And I'll let you know if I ever do see a Tīeke!

Tuesday, June 28, 2016

Life and work

My 'real' job, the one that pays a consistent income, is midwifery.  I work a shift or two per week at the local rural hospital in the maternity ward and then sometimes I work as a rural locum, covering the community midwives.  That's what I'm doing at the moment.  And boy, can it kick my butt.

I'm in a very privileged position to not have to work much usually.  My husband often has to go away at short notice, or work long hours for his business, so we need me to be available to look after the kids.  I know not everyone has that luxury and must organise childcare as well as their working lives. I know I'm privileged, but I really know it when I work locum.

I've been involved in three helicopter transfers of sick babies in the last couple of weeks.  Today I need to drive for an hour to visit a bunch of women who live even more rurally than I do.  My children got pulled out of bed at 5.30 am the other day because my husband had to start work early and I was at the hospital with a woman.  It sucks.  But it's exciting and fulfilling and important work too.

I'm trying to remember that.  And I'm trying to catch glimpses of the good life in between the sucky bits.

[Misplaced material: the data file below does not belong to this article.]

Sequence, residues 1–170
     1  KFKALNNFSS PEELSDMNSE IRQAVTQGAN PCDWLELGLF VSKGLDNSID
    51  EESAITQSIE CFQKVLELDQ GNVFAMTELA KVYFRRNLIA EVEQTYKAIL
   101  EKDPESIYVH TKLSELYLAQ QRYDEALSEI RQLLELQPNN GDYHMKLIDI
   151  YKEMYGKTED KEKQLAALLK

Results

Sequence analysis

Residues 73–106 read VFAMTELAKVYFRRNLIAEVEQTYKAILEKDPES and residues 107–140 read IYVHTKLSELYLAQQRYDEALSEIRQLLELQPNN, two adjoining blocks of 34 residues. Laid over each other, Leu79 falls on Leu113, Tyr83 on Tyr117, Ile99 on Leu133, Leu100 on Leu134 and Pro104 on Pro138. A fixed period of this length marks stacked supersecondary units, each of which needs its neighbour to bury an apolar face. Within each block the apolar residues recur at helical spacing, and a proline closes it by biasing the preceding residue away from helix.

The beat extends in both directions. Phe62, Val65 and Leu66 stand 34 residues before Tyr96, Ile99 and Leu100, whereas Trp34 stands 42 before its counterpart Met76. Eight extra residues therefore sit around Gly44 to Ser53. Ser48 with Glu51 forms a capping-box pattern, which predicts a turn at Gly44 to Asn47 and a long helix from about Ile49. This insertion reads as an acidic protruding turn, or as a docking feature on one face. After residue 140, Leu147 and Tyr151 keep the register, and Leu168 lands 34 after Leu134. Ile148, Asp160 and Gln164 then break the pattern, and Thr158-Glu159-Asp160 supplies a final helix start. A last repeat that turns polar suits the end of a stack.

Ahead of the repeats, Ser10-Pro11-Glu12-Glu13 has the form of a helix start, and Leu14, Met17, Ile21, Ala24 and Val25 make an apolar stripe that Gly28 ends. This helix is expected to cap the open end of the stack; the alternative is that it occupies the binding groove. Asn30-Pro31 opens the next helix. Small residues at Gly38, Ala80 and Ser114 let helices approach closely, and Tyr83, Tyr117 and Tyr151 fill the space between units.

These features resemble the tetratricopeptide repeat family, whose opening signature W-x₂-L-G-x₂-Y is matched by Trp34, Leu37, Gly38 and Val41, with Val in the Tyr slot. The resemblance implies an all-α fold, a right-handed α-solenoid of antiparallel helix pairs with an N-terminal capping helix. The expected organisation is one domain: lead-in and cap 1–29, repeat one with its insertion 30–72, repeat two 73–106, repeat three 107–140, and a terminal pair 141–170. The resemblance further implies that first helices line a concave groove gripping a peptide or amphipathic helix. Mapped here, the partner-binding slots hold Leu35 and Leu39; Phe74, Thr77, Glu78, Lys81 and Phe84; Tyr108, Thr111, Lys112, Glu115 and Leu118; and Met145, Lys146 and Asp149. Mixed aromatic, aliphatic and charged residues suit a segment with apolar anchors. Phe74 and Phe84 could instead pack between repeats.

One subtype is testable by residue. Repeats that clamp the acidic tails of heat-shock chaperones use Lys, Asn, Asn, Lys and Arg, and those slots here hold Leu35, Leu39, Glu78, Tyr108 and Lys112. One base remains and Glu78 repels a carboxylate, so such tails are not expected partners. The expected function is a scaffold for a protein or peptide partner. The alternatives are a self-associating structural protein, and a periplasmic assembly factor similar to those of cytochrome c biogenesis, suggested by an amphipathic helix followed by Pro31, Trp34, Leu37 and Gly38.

Tuesday, June 7, 2016

Donna Ward from Donna's Quilt Studio - Podcast Interview

Donna Ward is one of those 'world-famous in New Zealand' quilters.  Ask any quilter in New Zealand and they are sure to have heard of her or seen one of her quilts.

But it turns out she's a normal down-to-earth person just like you and me, and we had a great conversation about her journey into quilting, then teaching and then owning a quilt shop and teaching studio that she manages with her daughter, Ashleigh Ward.

These are the kinds of quilts that first made me aware of who Donna was.  Big, bold, Pacifica inspired quilts with exquisite machine quilting:

'Pacific Garden' (pattern available here)

Donna's award winning quilt 'Pacific Spice'

Lately, I've come across Donna on Instagram.  Her handle is @donna8b and she is surprisingly doing a lot of handwork with English paper piecing using modern fabrics.  This may have something to do with being laid up after major leg surgery!  There is also a lot of mini-swaps going on, some foundation piecing and plenty of yummy colours and patterns to look at.